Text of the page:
The 90 cent denominations of South African definitives issued in 1993 and 1998 depict the African penguins that nest on islands and coastal areas of southern Africa.
The African penguin, Spheniscus dermersus, or black-footed penguin (also known as the jackass penguin because of its loud braying noise) is a flightless seabird that used to nest by burrowing into guano. However, the removal of the guano for use as fertiliser has forced the penguins to nest in burrows in sand, under overhanging rocks, under bushes, or even in the open. Their diet includes sardines, maasbankers, anchovies and squid. Declining food supplies as well as predation by humans and seals and deadly oil spills have resulted in the African penguin having become an endangered species.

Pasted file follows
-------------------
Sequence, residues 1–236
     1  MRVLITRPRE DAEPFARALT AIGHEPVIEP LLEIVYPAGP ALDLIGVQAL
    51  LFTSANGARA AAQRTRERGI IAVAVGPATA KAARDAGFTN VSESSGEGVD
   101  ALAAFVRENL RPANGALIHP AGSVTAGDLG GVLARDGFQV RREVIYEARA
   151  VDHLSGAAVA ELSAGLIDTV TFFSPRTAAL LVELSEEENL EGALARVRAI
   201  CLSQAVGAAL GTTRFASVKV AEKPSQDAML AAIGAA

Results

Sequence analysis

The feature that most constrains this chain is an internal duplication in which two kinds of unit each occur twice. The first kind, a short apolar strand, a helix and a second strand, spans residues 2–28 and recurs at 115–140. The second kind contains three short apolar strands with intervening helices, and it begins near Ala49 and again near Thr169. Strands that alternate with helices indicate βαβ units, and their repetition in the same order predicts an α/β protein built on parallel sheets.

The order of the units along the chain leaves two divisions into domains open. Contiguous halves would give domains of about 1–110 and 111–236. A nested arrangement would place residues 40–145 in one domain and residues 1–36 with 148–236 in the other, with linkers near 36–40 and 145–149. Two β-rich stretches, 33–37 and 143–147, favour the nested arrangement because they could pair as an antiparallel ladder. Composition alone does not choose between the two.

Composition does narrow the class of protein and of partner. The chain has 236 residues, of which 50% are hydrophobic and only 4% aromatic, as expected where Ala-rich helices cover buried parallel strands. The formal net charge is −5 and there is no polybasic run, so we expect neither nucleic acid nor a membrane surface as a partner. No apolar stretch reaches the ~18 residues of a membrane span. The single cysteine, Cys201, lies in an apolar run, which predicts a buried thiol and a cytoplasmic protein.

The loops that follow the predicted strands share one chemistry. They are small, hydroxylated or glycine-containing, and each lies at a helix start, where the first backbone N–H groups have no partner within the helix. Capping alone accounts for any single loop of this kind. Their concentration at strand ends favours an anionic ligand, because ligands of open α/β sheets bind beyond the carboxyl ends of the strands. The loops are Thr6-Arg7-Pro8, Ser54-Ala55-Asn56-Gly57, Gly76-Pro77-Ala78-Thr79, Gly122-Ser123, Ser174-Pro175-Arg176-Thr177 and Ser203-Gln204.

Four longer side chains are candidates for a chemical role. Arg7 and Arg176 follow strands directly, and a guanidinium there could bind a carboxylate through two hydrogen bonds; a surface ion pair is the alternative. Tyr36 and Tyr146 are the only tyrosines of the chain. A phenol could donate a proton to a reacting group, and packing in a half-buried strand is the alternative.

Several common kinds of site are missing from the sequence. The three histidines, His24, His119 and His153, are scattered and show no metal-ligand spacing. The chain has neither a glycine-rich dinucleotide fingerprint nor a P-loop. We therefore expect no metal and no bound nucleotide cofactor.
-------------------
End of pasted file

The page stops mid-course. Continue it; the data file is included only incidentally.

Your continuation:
Although they are clumsy walkers, penguins can keep pace with a human when walking on land. They appear much more at home in the water having the ability to hold their breath for twenty minutes and dive deeper than any other bird.
The African Penguins above were photographed at the National Aviary in Pittsburgh, Pennsylvannia in August 2009 during the APS Stamp Show 2009.
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